Le Garrick is a traditional French bistro like you would find many walking around Paris, except Le Garrick is located in the heart of London’s West End. It’s definitely a local institution, for Le Garrick has been serving authentic French dishes to Londoner for three decades. I visited this restaurant a few years ago and I still remember the delicious and decadent dinner and wines I had. I was recently invited to Le Garrick in occasion of the Bastille Day celebrations. I was not in London that weekend, so my contributor Adrienne Fung attended on my behalf. Here’s her review of lunch at Le Garrick.
Last 14th July, Bastille Day, my friend and I paid a visit to Le Garrick, a quaint French brasserie tucked away in Covent Garden. Le Garrick has been in business for over 30 years, a true testament to how beloved this West End neighbourhood café has been over the years.
As soon as you step inside Le Garrick, you immediately feel transported to France. The décor is charming: red and white checkered table cloths, old wooden dining sets, vintage chandeliers and lamps, and a few French flags scattered around in case you ever forget you’re in a French café. Le Garrick has a handful of tables outside for when the weather is nice, a casual café on the ground level ideal for people watching and a more cosy and intimate dining scene downstairs.
Like many restaurants in the neighbourhood, Le Garrick offers a pre & post theatre menu at affordable prices: you can get two courses for just under £14 or three courses for less than £17.
On the day of our visit, the restaurant was serving a special 3-course menu for Bastille Day. For starters, my friend and I tried the Cassolette de calamars à la plancha au piment d’espelette (pan-seared calamari Basque-style with coriander, chilli and ginger) as well as the traditional escargot.
The calamari came highly recommended by the restaurant manager and it was certainly one of the nicer dishes we tried that day. They were cooked until fork-tender in a fragrant sauce perfect for dipping a bit of bread into.
The escargots were also nice, however I wouldn’t have minded a more potent garlicky kick. Le Garrick’s escargots are a good choice for those preferring a milder version.
For the main courses, we were recommended the Moules Frites and the Coq au Vin. The mussels were cooked marinières style with white wine, parsley and cream. Overall, the dish was nice, although the broth tasted mostly of cream. It could have benefited from a touch more white wine to round out the flavour. The mussels themselves also weren’t the most juicy and plump but this could be due to the fact that it isn’t peak season for the shellfish. The potato fries that came alongside were hot and crispy on the outside while soft and tender inside, just the way they should be.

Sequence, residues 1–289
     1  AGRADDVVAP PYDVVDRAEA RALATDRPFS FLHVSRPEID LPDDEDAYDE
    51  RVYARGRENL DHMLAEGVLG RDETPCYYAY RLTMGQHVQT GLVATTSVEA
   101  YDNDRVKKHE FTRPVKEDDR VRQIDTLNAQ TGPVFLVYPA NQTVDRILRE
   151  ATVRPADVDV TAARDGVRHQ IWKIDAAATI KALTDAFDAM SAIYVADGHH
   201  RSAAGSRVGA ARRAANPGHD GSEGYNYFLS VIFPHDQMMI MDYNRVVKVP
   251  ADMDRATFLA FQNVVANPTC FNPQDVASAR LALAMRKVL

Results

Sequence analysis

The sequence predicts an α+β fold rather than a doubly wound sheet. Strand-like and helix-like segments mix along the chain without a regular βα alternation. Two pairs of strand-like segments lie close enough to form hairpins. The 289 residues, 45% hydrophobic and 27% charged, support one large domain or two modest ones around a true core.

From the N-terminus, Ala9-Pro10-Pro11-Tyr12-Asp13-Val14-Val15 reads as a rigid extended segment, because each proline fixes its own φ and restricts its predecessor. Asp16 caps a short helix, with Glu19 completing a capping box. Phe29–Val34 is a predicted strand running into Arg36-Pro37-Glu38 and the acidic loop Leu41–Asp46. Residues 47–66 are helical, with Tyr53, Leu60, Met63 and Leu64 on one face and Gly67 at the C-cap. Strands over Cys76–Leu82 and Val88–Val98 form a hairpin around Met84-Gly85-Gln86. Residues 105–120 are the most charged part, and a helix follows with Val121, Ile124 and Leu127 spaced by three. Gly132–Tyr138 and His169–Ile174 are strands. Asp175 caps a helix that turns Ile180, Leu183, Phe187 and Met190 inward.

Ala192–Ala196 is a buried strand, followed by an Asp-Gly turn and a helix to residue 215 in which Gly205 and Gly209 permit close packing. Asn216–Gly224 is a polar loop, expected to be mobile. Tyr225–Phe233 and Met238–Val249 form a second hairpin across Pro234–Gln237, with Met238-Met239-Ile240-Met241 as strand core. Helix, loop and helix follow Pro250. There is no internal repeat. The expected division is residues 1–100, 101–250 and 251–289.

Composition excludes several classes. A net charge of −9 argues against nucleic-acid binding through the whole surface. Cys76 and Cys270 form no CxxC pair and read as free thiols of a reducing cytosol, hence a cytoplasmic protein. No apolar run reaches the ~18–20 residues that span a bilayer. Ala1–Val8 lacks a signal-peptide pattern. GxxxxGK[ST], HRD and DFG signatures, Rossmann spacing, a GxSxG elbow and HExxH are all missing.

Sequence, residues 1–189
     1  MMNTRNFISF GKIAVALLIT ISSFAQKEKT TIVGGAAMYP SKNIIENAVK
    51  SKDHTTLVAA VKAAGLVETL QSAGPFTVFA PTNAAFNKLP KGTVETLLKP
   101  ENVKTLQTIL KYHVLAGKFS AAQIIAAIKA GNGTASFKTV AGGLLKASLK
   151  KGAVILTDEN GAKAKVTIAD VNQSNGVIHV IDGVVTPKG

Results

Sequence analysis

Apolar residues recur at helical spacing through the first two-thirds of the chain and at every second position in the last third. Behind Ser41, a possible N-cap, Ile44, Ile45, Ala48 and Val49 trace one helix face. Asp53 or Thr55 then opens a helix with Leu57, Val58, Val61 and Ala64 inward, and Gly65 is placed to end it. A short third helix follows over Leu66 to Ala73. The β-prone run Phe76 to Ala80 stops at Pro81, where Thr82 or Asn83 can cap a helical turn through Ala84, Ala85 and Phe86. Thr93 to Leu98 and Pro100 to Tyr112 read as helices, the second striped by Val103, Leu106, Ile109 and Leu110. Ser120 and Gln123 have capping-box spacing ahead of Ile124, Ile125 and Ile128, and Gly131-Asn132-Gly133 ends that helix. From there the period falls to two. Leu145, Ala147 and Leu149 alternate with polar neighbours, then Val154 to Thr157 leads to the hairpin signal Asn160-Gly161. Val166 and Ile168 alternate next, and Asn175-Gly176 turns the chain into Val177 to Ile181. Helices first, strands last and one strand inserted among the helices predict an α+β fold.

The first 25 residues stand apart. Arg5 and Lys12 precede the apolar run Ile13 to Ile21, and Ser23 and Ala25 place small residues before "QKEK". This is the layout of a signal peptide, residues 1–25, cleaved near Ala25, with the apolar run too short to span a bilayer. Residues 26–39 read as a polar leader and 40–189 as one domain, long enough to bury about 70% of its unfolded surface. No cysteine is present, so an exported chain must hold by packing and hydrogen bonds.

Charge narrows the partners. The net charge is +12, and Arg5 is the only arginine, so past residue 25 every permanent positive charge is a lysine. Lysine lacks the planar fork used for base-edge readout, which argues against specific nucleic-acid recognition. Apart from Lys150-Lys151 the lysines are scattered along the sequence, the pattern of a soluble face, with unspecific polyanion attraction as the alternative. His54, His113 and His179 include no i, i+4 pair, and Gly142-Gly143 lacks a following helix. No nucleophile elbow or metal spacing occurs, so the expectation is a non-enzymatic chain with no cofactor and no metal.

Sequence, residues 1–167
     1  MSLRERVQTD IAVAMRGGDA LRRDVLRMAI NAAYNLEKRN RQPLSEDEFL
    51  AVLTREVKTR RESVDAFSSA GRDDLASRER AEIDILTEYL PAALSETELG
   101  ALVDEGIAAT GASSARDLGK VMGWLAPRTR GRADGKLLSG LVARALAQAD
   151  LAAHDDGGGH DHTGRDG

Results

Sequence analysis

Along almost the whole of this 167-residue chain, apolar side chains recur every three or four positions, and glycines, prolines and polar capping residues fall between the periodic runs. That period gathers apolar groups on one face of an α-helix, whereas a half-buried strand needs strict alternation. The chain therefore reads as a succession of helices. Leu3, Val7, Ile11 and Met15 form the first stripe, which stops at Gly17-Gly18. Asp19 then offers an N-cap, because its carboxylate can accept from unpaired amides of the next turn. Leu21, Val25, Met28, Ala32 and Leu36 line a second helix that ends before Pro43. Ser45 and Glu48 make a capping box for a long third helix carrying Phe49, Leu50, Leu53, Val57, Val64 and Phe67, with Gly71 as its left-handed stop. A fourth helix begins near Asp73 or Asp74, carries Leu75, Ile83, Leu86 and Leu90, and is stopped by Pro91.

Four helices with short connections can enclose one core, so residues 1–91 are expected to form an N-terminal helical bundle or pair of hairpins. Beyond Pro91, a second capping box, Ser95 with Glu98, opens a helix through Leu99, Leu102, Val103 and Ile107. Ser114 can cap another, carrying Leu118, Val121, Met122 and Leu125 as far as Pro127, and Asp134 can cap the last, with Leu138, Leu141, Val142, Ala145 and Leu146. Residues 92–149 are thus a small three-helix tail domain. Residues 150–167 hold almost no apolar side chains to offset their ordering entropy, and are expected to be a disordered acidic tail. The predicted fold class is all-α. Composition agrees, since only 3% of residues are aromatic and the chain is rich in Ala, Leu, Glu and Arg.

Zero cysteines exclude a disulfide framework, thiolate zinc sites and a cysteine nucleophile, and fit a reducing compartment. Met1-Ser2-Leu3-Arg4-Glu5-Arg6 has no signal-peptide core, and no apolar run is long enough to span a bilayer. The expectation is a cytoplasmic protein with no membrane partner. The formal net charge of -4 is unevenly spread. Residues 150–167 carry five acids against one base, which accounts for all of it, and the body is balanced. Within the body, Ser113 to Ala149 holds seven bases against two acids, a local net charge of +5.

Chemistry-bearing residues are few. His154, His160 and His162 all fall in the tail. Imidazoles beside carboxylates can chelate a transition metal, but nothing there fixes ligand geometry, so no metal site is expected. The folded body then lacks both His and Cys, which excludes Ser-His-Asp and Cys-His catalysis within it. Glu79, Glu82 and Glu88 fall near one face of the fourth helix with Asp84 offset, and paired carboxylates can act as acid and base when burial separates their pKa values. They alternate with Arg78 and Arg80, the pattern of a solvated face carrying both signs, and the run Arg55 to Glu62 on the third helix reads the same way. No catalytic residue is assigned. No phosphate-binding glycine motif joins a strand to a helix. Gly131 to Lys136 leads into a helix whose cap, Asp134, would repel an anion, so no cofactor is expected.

The Coq au Vin, on the other hand, was slightly less successful. Traditional Coq au Vin recipes call for chicken to be braised in red wine, resulting in a rich and decadent dish with the chicken turning a deep burgundy colour while absorbing a plethora of flavour in the process. This version appeared to be a Coq au Vin Blanc where the sauce is a bit lighter and the color of the chicken staying intact. This version can also be quite flavourful, but unfortunately the one we tried that day at Le Garrick fell a bit flat. The sauce was rather bland, lacking depth and seasoning. The cooking on the chicken was also a bit uneven with some pieces very tender while others were quite dry.
We finished the meal with the special dessert of the day: a lovely red, white and blue parfait of berries and cream. It was the perfect ending for a Bastille Day feast: light, refreshing and just the right amount of sweet.
As part of the Bastille Day celebration, a shot of pear flavoured Eau-de-Vie, a classic French brandy that literally translates to “water of life”, was also included.
All in all, we had a lovely time at Le Garrick. The service was wonderful and the atmosphere was idyllic.
While the dishes we tried that day were a bit hit and miss, there must be a reason why this little French café is still bustling after first opening more than 30 years ago. I’d be keen to go back and try some of the other dishes on their menu. Nevertheless, the prices at Le Garrick are an absolute steal, especially for being in Central London, and it doesn’t hurt that they have a lovely selections of French wines too.
Disclaimer: Adrienne was a guest of Le Garrick. All opinions are her own.